If you get the Singapore Tourist Pass, which I highly recommend, you can hop on and off the metro AND the bus system, which is super convenient. Buy it at the airport (the line was suuuper slow when I was there), and return it at the end of your trip to get your 10SGD deposit back.

FYI – They drive on the left 😉

Note: Eating and drinking (or chewing gum!) is NOT permitted on the metro or in the metro stations. There is a fine for violators, so be respectful and keep the metros clean.


It seems as if everything in Singapore is open all hours of the day and night. If you want to go to the Gardens by the Bay at midnight, why not? Many attractions are open until 2am, and some are specifically targeted for the late-night crowd. You should have no worries taking public transit late at night either. Exercise caution as you usually would, but rest at ease knowing there’s really nothing to fear.

Note: Though a lot of places are open late at night, the metro closes early (around midnight). Be sure to check the schedule before you get kicked off in the middle of a transfer and get stuck trying to figure out how to take a taxi at 12am.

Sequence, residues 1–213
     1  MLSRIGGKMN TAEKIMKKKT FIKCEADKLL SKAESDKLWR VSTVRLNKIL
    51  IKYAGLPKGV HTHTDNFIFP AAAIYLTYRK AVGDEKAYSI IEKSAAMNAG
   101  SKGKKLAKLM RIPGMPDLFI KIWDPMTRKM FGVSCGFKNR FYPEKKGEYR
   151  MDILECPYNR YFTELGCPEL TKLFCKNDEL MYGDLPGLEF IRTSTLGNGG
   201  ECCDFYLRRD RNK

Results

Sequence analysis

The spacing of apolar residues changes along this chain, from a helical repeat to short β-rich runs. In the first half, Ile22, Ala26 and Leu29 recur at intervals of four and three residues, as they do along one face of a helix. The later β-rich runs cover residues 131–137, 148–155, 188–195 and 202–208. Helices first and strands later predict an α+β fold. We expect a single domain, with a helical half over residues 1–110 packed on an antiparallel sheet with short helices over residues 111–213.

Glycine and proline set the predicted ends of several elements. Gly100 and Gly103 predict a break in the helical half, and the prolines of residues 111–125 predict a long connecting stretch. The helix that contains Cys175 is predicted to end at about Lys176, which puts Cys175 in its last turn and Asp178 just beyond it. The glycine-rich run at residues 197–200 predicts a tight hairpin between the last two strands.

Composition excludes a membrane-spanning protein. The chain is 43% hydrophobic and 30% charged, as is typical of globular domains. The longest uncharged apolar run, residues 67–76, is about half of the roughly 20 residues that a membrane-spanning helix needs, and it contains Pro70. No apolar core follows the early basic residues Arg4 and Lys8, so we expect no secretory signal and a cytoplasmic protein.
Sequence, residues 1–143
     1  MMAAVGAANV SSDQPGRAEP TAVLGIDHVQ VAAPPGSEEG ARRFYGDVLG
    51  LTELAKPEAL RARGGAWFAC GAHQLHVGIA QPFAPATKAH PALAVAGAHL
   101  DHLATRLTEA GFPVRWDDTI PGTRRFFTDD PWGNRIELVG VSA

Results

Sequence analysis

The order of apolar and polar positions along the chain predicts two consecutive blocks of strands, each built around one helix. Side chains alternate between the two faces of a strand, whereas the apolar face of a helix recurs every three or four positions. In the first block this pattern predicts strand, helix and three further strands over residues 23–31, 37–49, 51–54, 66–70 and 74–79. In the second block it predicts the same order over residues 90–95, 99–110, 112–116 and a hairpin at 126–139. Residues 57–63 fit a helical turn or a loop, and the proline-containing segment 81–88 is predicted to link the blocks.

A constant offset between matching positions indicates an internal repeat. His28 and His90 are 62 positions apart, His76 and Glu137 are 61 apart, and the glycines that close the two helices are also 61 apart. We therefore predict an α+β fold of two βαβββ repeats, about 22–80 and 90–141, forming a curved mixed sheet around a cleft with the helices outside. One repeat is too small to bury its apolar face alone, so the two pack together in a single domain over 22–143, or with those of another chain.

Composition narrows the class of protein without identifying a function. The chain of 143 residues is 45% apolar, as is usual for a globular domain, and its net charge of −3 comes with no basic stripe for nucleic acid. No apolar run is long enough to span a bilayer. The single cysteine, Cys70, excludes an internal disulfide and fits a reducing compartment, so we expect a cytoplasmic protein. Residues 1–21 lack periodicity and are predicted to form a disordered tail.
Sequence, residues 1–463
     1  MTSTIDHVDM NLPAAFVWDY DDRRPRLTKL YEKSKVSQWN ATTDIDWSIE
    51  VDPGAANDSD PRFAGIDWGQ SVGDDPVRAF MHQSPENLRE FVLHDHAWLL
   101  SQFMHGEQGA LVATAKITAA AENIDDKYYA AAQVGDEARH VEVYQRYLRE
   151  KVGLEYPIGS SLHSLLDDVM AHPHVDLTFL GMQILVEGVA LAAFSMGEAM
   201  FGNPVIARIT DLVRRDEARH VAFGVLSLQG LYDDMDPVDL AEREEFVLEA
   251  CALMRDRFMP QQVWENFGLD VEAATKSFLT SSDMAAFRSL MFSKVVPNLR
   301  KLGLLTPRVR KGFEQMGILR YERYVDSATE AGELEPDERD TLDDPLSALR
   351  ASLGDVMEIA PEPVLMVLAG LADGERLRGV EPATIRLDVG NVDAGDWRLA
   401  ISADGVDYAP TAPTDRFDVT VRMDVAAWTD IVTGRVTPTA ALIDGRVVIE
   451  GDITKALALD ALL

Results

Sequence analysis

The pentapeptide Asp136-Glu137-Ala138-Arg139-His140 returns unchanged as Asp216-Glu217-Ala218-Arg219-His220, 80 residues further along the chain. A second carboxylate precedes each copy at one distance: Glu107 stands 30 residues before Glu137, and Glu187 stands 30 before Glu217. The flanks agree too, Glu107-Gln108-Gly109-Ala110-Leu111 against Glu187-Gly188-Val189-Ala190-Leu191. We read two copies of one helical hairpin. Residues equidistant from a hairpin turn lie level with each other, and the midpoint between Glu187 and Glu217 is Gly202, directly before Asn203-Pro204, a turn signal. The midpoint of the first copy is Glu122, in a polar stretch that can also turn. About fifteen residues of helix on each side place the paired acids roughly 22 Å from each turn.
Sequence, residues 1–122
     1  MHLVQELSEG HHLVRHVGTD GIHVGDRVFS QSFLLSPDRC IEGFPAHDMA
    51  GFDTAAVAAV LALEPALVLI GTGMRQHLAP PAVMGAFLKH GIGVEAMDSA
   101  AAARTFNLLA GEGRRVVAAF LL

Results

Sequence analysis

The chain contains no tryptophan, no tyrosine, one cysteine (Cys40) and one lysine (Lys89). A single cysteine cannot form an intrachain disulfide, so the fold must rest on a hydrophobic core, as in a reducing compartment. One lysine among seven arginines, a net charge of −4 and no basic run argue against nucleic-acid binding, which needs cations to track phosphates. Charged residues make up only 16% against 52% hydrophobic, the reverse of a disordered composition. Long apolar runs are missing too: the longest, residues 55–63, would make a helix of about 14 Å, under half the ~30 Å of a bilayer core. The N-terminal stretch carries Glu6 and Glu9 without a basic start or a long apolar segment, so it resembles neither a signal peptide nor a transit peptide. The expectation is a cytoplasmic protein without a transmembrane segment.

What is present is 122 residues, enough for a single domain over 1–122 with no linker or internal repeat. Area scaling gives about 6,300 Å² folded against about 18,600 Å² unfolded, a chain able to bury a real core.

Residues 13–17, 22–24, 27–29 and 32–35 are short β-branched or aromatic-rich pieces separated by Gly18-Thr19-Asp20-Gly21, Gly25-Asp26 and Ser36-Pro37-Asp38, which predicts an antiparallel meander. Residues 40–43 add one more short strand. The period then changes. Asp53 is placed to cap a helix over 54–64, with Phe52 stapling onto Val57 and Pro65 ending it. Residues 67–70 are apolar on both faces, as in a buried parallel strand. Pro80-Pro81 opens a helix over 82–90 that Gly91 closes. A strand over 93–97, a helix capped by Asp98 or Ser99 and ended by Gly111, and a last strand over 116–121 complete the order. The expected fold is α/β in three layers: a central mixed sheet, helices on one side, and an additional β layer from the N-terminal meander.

You’re in an Asian city close to tons of other Asian countries – China, Japan, Thailand, etc. The Asian food will be really good, and really cheap. Of course, being a Western country you will also have the opportunity (for a little more money) to dine on your favorite American and European burgers, pizzas, pancakes, and wings.


Singapore is a big city, but it’s also known as the Garden City; make sure that at least some of your time is spent appreciating the beauty of Singapore’s cherished flora and fauna. There are natural beaches, manmade beaches, conservatories, outdoor gardens, parks, and zoos. Everything we saw was positively stunning, and I urge you to take in not only the skyscrapers, malls, and architecture, but the natural beauty as well.